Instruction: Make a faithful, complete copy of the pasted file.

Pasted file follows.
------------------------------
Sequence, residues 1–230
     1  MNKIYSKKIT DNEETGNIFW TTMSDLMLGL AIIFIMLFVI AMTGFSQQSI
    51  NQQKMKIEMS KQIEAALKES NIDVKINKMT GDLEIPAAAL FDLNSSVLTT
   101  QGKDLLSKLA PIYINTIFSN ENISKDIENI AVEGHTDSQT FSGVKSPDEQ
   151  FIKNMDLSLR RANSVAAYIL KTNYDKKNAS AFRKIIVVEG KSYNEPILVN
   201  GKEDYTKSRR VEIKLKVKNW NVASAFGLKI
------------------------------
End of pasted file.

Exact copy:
Sequence, residues 1–230
     1  MNKIYSKKIT DNEETGNIFW TTMSDLMLGL AIIFIMLFVI AMTGFSQQSI
    51  NQQKMKIEMS KQIEAALKES NIDVKINKMT GDLEIPAAAL FDLNSSVLTT
   101  QGKDLLSKLA PIYINTIFSN ENISKDIENI AVEGHTDSQT FSGVKSPDEQ
   151  FIKNMDLSLR RANSVAAYIL KTNYDKKNAS AFRKIIVVEG KSYNEPILVN
   201  GKEDYTKSRR VEIKLKVKNW NVASAFGLKI